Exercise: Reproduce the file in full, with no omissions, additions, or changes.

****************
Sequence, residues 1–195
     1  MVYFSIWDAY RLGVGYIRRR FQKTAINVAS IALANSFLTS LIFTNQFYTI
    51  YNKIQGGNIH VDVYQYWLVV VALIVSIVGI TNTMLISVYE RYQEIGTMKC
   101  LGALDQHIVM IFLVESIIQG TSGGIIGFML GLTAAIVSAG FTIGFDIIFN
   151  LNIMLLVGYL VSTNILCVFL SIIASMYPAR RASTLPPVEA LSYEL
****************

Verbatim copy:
Sequence, residues 1–195
     1  MVYFSIWDAY RLGVGYIRRR FQKTAINVAS IALANSFLTS LIFTNQFYTI
    51  YNKIQGGNIH VDVYQYWLVV VALIVSIVGI TNTMLISVYE RYQEIGTMKC
   101  LGALDQHIVM IFLVESIIQG TSGGIIGFML GLTAAIVSAG FTIGFDIIFN
   151  LNIMLLVGYL VSTNILCVFL SIIASMYPAR RASTLPPVEA LSYEL